I finally let an unearthly sigh of relief as the results of the US presidential elections were announced, plastered, shouted, tweeted, facebooked, broadcast, podcast, all over the world. And the reason I sighed is not because of the winner (although Obama did appear more in touch with reality, facts, stats, etc.). The reason was that elections were finally over.
In my short time on planet Earth, I have witnessed a marked trend to more and more talk about the US elections. To the point that I do think some people know more about US politics than that of their own country. Why is that so?
US elections make full use of professional and social media
All news agency send people there, so it’s easy to hear about it. Candidates have Tweeter accounts, Facebook pages, etc. They even have Google+ pages for heavens’ sake. And now that everyone has smartphones and mics, every step they take, every hand they shake, every word they say, all is available to the entire planet. There is no such thing as off-the-air anymore (Mitt Romney certainly learnt this the hard way).
This omnipresence of communication is fuelled by the arms race the candidates are waging in a country where money buys you time on TV. Candidates spent more than 850 million USD on political ads in this campaign, not far from small country yearly GDP. To that number, you should add all the money that was spent on PR consultants, social media campaigners, etc.
In this context, an ill-chosen word, an awkward photo-op, a hidden camera… something new happens every day and the whole world know about it. Some just watch the campaign like a soap-opera.
It is like a movie
Like any crowd-pleaser from Hollywood, the campaign sets up a hero fighting a villain. And to most of the world, the villain was Mitt Romney. His religious background, pro-business attitude, fake tan (take THAT, Obama), excessive personal wealth and disregard for the poor did not fare too well out there. So the rest of the world watched as the villain gathers his troops and prepares to take over the world. As the polls got narrower and narrower, it looked like that familiar cinema trope when it seems the villain has won the battle. The world gasped for air, clinging to their armchairs as polls started to get all over the place (and the electoral rules made them too complicated to follow). Could Romney really win? Surely the good guy must win in the end, right? Yes he did, phew. But with 50.4 percent for Obama versus 48.1 percent for Romney, let’s say it was a close call and Obama may not have made it, were it not for his sidekick (the electoral system and absurd electoral importance of “swing states”). Like in any good movie.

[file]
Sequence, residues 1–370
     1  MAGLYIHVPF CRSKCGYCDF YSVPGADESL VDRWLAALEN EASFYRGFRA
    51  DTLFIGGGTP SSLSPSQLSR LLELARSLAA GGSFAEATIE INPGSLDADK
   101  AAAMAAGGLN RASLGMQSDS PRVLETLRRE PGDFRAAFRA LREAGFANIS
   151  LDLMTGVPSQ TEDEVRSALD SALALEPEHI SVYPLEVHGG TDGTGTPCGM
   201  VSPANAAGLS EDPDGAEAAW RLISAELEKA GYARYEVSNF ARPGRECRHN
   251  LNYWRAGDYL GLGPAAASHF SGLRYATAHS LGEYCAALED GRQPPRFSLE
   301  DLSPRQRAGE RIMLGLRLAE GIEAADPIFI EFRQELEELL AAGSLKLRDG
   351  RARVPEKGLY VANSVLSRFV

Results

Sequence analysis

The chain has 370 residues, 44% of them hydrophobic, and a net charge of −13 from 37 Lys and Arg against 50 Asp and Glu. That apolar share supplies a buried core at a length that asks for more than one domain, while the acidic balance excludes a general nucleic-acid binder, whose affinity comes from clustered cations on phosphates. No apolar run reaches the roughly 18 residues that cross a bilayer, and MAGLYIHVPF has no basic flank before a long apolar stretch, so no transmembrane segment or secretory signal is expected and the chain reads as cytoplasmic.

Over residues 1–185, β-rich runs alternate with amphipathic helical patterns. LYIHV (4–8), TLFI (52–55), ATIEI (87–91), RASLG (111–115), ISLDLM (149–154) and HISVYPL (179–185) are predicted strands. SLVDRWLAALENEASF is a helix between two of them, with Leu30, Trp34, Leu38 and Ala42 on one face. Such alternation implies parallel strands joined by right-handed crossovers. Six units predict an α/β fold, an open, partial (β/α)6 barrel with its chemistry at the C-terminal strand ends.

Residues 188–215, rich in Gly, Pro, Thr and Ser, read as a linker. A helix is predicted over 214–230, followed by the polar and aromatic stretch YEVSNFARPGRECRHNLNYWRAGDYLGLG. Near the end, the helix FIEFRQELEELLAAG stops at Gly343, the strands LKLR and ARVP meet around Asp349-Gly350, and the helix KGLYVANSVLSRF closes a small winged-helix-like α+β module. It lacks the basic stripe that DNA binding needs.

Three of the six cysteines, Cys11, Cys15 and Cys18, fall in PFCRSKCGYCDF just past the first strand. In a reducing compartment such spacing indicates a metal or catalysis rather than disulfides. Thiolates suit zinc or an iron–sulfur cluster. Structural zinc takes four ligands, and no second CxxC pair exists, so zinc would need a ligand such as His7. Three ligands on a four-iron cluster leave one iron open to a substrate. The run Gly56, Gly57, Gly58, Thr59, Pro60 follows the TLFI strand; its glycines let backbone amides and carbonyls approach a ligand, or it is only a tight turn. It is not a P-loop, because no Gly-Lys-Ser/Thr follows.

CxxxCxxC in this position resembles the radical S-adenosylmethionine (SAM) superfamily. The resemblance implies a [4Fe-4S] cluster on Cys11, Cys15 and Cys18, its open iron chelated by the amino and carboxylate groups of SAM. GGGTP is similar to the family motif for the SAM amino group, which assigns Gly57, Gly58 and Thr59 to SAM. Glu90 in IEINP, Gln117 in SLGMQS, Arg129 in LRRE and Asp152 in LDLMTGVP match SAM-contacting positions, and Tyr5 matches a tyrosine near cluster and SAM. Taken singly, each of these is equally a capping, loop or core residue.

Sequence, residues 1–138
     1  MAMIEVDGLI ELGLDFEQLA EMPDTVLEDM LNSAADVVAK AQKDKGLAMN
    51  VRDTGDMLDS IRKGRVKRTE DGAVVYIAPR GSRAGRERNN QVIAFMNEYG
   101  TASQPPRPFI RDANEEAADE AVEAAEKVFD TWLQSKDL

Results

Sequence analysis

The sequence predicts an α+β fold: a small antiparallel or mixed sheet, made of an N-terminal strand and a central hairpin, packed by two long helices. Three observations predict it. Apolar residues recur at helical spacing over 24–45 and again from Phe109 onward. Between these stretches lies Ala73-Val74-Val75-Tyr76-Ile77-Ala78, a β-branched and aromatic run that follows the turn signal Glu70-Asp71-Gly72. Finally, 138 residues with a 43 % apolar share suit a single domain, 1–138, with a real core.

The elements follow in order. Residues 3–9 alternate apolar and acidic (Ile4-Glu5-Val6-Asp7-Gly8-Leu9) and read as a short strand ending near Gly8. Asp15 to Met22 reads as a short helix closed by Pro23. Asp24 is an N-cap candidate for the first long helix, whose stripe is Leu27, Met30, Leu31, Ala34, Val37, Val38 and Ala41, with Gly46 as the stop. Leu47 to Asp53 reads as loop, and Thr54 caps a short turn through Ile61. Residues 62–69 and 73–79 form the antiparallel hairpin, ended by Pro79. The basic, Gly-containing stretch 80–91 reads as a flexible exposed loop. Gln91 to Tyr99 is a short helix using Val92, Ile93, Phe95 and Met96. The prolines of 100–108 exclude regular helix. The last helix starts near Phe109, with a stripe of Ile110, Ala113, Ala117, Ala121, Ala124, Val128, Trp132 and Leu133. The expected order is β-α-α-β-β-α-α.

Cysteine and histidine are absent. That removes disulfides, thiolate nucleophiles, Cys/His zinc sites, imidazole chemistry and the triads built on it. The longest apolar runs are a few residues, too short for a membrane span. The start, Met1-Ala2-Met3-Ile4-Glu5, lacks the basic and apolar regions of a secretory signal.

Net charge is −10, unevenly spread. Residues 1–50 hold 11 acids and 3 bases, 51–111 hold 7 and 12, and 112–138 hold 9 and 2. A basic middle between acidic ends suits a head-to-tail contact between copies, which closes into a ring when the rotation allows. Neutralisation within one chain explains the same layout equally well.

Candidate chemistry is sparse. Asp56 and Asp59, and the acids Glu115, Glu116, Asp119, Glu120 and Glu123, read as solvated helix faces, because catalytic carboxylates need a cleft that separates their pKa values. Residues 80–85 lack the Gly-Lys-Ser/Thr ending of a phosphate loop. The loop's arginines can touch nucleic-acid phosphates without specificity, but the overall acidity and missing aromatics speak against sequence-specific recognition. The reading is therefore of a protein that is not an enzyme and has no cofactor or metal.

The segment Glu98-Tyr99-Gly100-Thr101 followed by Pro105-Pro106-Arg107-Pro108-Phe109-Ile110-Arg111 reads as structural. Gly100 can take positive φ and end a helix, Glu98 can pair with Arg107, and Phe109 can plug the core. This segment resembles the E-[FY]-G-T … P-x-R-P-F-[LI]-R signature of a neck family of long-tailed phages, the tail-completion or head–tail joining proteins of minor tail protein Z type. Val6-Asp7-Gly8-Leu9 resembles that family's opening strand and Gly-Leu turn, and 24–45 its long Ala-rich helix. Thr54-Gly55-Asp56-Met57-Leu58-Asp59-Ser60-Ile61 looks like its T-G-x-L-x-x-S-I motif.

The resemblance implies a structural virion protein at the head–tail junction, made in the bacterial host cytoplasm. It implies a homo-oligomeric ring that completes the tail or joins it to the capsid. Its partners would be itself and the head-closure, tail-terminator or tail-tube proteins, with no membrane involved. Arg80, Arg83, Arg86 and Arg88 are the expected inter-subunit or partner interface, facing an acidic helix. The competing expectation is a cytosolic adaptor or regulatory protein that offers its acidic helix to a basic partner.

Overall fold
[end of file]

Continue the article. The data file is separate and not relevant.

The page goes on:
Much more interesting than deliberations at the European Parliament on what size of screws Europe should use.
It’s the most important country in the world
This week saw the leadership battle in the most powerful country in the world. But we don’t know much about the Chinese elections, so let’s concentrate on America’s instead.
I have heard the argument many times: the US is the most powerful country in the world, so it is only fair that we are interested in the results. The implied reasoning is that the identity of the winner can affect US foreign policy, so we should care even if we do not leave in the US.
Well I do not much about foreign policy, geopolitics and diplomacy. But let’s be honest. If you live in Continental Europe, US foreign policy has almost zero implications for you. Same if you leave in Africa or pretty much anywhere in South America. If you live in Russia or China, your government is almost always going to oppose US influence in the Middle-East, and South-East Asia, regardless of who is President.
If you’re Israeli, you get support even under Democrats. If you’re Turkish or citizen from a relatively safe country in the Middle-East, relax, the US need you for peace in the region. If you’re a citizen from an oil-producing country, you’re safe. You may prefer a Republican head of state because they are less likely to invest in alternative sources of energy, but frankly given the inertia and the dependence of US population on road transportation, you can relax.
And if you’re Mexican and you happen to live next to the border, than yeah, all my sympathies to you because frankly your future looks grim regardless of who’s in charge.
Now it may suck if you’re Canadian, British or Australian. Because Republicans tend to be a more hawkish in foreign relations (to please their military-grade weapons buying voters). And if they stir up trouble, you’re expected to cheerfully join them into getting your soldiers killed. In the name of freedom and badly-designed military interventions, that’s why.
In a nutshell, the identity of the US President probably matters very little to you. Also do not forget that the US are often (unduly) for the invention of checks and balances in political institutions. Which means that:
- even someone like George W Bush could not entirely go berserk on Iran;
- someone educated like B. Obama still has to manage the swarms of culturally-oblivious morons who populate the Department of State and the Department of Defense.
Whenever possible, the add-on prompts your browser to use an encrypted connection with the website you are visiting. It therefore reduces the probability of traffic, passwords, key presses, etc. being intercepted, and therefore makes your navigation safer.
It is very unobtrusive and does not slow anything. Zero cost but positive benefits: no reason not do to it, so install it!